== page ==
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Bomber Games made sure to allow both keyboard support as well as traditional controller support for Streets of Rage Remake. Though you can easily enjoy a beat 'em up like this using the keyboard configuration (due to the button mashing design of the genre that makes for an arcade-like experience), I find that a controller is always welcome, especially since the original Streets of Rage games on the Genesis functioned solely on a gamepad.
During my playthrough of the game, I used an Xbox 360 controller, and I found it to be incredibly functional, providing optimal controls for this fan game. That said, any compatible PC controller should work well with Streets of Rage Remake. And considering the less-than-ideal D-pad on the Xbox 360 controller, some gamers may want to stick with a gamepad that features a much more traditional D-pad.
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Visually, Streets of Rage Remake looks really impressive. Even more impressive, however, is the fact that Bomber Games built the entire game, pixel by pixel, from the ground up. Everything in the game, as authentic as it may look, is completely reworked. The visuals are slightly enhanced, featuring more color variety and detail, but they still maintain a 16-bit retro appearance.
It's easy to appreciate the amount of effort that went into recreating the countless memorable levels from throughout the Streets of Rage series. Backgrounds are nicely detailed, foregrounds are lively, and there is a ton of old school artistry sprinkled on top of each of the game's stages. There is a variety of unique environments, from industrial zones to parks to streets (obviously), and they all look awesome and pleasingly retro.
Character sprites are also a treat, and they're sure to bring back fond memories for those gamers who experienced Streets of Rage all those years ago on the Genesis. Character models all look accurate, enemies have a retro coolness to them, and bosses are big and imposing.
If you were afraid the developers were going to screw something up by offering slighly enhanced graphics, you can rest easily. Bomber Games really pulled out all the stops to ensure that Streets of Rage Remake would look like a true 16-bit beat 'em up.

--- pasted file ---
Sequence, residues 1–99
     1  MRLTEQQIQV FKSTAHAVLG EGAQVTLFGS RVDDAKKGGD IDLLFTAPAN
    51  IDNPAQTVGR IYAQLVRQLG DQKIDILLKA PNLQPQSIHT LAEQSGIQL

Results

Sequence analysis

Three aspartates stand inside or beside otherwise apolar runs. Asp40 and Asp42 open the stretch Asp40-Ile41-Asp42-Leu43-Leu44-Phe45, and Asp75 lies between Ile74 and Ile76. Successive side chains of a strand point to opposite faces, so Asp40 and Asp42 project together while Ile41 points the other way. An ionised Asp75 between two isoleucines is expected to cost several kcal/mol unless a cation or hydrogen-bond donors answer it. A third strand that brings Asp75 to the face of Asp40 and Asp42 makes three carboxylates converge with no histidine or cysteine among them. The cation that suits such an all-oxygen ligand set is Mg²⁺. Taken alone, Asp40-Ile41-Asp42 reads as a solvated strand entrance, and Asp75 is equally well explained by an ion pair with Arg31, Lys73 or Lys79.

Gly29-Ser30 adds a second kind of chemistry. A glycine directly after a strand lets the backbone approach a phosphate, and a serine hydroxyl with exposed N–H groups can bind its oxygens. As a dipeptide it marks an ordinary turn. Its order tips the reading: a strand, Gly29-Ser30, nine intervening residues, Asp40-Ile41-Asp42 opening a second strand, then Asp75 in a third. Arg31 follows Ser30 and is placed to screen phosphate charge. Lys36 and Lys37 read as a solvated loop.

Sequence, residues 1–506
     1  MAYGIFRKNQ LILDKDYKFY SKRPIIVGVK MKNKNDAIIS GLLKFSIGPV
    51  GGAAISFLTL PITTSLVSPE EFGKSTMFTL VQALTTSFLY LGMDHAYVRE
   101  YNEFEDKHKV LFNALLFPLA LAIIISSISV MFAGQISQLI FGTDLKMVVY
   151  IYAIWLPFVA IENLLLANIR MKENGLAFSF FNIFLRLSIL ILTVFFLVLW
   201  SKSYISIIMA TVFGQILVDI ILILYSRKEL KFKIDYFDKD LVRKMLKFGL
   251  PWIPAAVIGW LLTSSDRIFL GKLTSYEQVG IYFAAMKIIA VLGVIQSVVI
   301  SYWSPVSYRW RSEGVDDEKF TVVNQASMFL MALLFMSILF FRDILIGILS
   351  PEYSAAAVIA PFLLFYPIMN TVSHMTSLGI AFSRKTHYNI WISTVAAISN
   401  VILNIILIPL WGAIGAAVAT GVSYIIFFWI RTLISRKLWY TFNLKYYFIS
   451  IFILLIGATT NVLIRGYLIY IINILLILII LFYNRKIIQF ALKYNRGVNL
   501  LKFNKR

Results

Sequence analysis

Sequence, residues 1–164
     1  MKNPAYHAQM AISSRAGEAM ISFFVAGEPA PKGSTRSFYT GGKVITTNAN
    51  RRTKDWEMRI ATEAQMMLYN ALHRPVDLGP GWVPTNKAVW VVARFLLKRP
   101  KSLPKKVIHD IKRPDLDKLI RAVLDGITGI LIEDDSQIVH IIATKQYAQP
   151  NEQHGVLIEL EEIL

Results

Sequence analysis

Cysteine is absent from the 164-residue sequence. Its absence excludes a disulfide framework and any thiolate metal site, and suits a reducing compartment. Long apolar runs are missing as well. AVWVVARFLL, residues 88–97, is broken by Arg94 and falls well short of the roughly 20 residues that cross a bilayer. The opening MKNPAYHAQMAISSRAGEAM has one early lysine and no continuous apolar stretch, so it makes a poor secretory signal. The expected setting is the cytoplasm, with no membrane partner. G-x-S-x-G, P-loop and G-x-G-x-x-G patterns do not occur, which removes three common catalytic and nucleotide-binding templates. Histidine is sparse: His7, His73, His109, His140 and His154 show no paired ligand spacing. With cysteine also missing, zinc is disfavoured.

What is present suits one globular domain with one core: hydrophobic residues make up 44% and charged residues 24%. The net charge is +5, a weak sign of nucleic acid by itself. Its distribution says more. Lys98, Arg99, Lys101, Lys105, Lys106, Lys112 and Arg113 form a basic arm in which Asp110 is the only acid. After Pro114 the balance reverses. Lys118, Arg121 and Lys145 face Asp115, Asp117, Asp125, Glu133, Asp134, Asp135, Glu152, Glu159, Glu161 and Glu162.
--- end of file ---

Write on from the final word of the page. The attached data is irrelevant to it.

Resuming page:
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Streets of Rage Remake features all of the memorable tunes you may remember from the three original games (which is likely a major reason for Sega to have the game pulled), but there are also some sweet remixes to keep things fresh. Obviously, the original tracks still sound awesome, but the revamped soundtrack is strong, as well. Sound effects are your typical beat 'em up crunches and slams, and they do the trick for providing a retro brawling treat.
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Streets of Rage Remake comes packed to the brim with solid beat 'em up content. You can take on the plethora of stages on your own or team up with a buddy and play cooperatively. And if you're feeling creative, you can even build your own custom stages. Then there's the Boss Rush mode, Survival mode, Events Mode, and oodles of new content to keep you busy for a long time.
It's a shame that Streets of Rage Remake was pulled from the Internet almost immediately after its release. Bomber Games spent eight years working on this project, and for it to disappear so soon after its launch is a bit disheartening. If you already downloaded the game and played it, then you know just how awesome it is. If you missed your opportunity to play Streets of Rage Remake, though, I would suggest you find someone who has it on his or her computer and play it for yourself. This is one old school tribute that most gamers should check out and enjoy.